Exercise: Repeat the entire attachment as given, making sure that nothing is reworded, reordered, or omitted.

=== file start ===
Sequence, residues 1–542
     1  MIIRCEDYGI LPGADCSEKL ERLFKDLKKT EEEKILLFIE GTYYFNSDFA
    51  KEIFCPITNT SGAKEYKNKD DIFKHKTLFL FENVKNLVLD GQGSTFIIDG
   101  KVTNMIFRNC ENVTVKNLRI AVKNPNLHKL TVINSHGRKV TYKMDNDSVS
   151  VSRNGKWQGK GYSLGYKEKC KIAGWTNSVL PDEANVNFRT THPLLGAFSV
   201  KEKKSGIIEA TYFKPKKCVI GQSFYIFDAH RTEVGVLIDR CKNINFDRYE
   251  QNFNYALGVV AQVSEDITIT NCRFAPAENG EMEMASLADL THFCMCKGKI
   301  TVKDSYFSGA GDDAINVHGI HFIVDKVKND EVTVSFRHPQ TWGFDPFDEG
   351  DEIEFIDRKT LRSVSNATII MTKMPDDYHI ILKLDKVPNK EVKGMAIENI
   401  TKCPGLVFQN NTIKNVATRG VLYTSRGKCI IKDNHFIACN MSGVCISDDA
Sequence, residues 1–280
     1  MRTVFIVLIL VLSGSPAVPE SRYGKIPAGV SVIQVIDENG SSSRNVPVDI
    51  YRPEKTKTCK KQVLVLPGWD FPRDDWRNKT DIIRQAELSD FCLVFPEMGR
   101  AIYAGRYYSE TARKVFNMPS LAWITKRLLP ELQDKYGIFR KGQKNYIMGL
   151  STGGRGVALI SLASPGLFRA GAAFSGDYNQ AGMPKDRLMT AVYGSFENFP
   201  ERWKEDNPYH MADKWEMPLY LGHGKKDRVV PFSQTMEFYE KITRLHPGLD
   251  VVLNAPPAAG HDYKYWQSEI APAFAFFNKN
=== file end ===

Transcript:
Sequence, residues 1–542
     1  MIIRCEDYGI LPGADCSEKL ERLFKDLKKT EEEKILLFIE GTYYFNSDFA
    51  KEIFCPITNT SGAKEYKNKD DIFKHKTLFL FENVKNLVLD GQGSTFIIDG
   101  KVTNMIFRNC ENVTVKNLRI AVKNPNLHKL TVINSHGRKV TYKMDNDSVS
   151  VSRNGKWQGK GYSLGYKEKC KIAGWTNSVL PDEANVNFRT THPLLGAFSV
   201  KEKKSGIIEA TYFKPKKCVI GQSFYIFDAH RTEVGVLIDR CKNINFDRYE
   251  QNFNYALGVV AQVSEDITIT NCRFAPAENG EMEMASLADL THFCMCKGKI
   301  TVKDSYFSGA GDDAINVHGI HFIVDKVKND EVTVSFRHPQ TWGFDPFDEG
   351  DEIEFIDRKT LRSVSNATII MTKMPDDYHI ILKLDKVPNK EVKGMAIENI
   401  TKCPGLVFQN NTIKNVATRG VLYTSRGKCI IKDNHFIACN MSGVCISDDA
Sequence, residues 1–280
     1  MRTVFIVLIL VLSGSPAVPE SRYGKIPAGV SVIQVIDENG SSSRNVPVDI
    51  YRPEKTKTCK KQVLVLPGWD FPRDDWRNKT DIIRQAELSD FCLVFPEMGR
   101  AIYAGRYYSE TARKVFNMPS LAWITKRLLP ELQDKYGIFR KGQKNYIMGL
   151  STGGRGVALI SLASPGLFRA GAAFSGDYNQ AGMPKDRLMT AVYGSFENFP
   201  ERWKEDNPYH MADKWEMPLY LGHGKKDRVV PFSQTMEFYE KITRLHPGLD
   251  VVLNAPPAAG HDYKYWQSEI APAFAFFNKN